2018 World Cup Group F preview
Defending champions Germany will be favourites in Group F of the 2018 World Cup finals, which also comprises Mexico, Sweden and South Korea.
The Germans, ranked number one in the world above Brazil and Belgium, approach the showcase in Russia with a squad packed full of experience and for the most part, unchanged from the group of players, and coach, who won in Brazil four years ago.
The one major talking point going into Russia has been the omission of Leroy Sane, who had an outstanding season for Manchester City, but was not chosen despite being fit.
While they have some of the best goalkeepers (Manuel Neuer, Marc-Andre ter Stegen), defenders (Jerome Boateng, Mats Hummels) and midfielders (Toni Kroos, Mesut Ozil) in world football, there are perhaps question marks over their strike force.
Of the current squad, Ozil has 23 international goals in 90 matches, Mario Gomez has 31 in 75, and Thomas Muller has 38 in 91 games, Kroos in next with 12 goals.
Gomez though is 32-years-old and currently plays at VfB Stuttgart, not one of Europe's biggest clubs, while Muller had a quiet season at Bayern with just eight league goals scored. He was their top scorer in qualification, with five, along with Sandro Wagner, who never made the World Cup squad.
So unlike their main rivals, the likes of Brazil, Argentina, France, Spain and Belgium, the Germans do not have a prolific striker on form, although with that said, they managed a perfect record in qualifying, with 10 wins from 10 games in a group that included Northern Ireland, Czech Republic and Norway.
While Germany should be good enough to emerge as group winners, to pick which team will finish second and qualify for the next round, is a tough call.
Of the three other sides, Mexico are currently ranked highest, 15th, and this will be their seventh consecutive appearance at the finals. This after they topped their qualification group by five points over Costa Rica.
Key to their hopes will be West Ham striker Javier Hernandez, who has 49 international goals in 102 showings.
There is certainly no lack of experience in the Mexican ranks, with former Spurs attacker Giovani dos Santos on 105 caps, captain and Real Betis midfielder Andres Guardado on 145 caps, the same number of caps as former Barca defender Rafael Marquez - who is still going strong at 39.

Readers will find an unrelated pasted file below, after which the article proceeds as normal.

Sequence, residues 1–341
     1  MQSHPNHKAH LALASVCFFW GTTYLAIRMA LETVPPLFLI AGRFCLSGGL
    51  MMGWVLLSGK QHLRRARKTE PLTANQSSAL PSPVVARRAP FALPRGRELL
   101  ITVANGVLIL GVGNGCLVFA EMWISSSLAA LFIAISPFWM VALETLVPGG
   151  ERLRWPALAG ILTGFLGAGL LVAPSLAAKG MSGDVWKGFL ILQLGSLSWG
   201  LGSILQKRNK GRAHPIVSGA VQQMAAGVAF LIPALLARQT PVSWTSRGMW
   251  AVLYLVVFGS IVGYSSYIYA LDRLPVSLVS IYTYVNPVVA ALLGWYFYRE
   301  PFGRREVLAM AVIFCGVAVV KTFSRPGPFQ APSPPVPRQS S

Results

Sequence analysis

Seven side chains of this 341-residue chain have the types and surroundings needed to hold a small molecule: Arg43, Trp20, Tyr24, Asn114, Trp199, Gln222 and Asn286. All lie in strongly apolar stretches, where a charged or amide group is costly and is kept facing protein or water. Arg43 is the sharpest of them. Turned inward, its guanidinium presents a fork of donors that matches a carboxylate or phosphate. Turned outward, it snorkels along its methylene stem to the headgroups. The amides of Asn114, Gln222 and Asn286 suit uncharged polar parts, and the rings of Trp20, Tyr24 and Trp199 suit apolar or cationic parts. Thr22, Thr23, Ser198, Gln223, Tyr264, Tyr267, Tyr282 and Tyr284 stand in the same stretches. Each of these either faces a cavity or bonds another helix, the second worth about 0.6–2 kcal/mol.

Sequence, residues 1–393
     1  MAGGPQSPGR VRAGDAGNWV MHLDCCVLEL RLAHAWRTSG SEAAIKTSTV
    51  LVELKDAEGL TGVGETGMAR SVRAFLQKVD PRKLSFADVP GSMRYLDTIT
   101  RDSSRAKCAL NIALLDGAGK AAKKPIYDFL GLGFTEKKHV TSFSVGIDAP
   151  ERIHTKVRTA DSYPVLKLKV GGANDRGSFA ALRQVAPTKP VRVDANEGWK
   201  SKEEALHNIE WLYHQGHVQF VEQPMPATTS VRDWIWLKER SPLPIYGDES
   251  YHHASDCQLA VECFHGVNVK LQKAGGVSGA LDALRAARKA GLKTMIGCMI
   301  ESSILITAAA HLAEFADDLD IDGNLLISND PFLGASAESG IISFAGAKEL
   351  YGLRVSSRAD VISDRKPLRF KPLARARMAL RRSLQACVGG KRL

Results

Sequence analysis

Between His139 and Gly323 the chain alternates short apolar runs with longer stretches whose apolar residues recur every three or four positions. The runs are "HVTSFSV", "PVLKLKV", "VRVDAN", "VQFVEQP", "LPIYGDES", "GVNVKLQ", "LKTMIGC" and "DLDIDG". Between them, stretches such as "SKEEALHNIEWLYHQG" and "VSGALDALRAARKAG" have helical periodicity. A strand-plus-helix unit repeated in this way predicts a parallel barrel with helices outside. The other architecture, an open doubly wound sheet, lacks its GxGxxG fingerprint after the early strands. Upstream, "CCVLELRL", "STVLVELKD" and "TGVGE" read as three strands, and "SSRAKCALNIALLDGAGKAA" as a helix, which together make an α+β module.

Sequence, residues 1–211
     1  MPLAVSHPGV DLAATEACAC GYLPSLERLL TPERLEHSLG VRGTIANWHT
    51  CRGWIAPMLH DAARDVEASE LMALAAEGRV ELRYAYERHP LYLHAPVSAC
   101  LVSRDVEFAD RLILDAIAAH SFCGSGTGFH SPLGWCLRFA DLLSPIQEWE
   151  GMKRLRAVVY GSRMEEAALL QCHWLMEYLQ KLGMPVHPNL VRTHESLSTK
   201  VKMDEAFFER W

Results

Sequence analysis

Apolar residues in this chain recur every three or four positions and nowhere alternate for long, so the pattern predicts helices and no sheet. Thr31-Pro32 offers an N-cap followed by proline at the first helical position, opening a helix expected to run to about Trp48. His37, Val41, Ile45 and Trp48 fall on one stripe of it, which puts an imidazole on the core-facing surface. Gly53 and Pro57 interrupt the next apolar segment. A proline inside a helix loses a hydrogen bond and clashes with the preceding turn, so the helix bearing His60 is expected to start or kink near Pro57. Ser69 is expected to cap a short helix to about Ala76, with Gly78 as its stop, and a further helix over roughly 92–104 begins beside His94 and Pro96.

Leading up to the finals, Mexico lost in friendly games to Denmark and Croatia, but beat Scotland, Bosnia-Herzegovina and Iceland and drew with Wales.
Sweden come in next best on the FIFA rankings in Group F, they're currently 24th.
With talisman and record goal-scorer Zlatan Ibrahimovic left out the squad, the only really big-name player is Victor Lindelof, the Manchester United defender, with most of the rest of the squad made up of players at smaller clubs spread across Italy, the UK, France, Germany and other European nations.
Heading into the World Cup, Sweden have only managed two draws and two defeats in friendly games, scoring just once.
In qualification though, the Swedes finished just behind France in Group A and saw off the Netherlands on goal difference, so they cannot be taken lightly.
Meanwhile South Korea, who finished fourth when they hosted the World Cup 16 years ago, have fallen down to 57th on the FIFA standings.
They cruised through an easy group containing Lebanon, Kuwait, Myanmar and Laos to claim their spot in Russia, ending 13 points above Lebanon.
Captain Ki Sung-yueng, who plays for Swansea and has over 100 caps, together with Tottenham attacker Son Heung-min, who has 21 goals in 66 internationals, will be South Korea's best known players.
The rest of the squad is spread out playing for clubs at home in South Korea, as well as Japan and in Europe.
Their pre-World Cup form has also been patchy; while beating Honduras 2-0 and drawing 0-0 with Bolivia, they have lost to Poland, Northern Ireland and Bosnia-Herzegovina.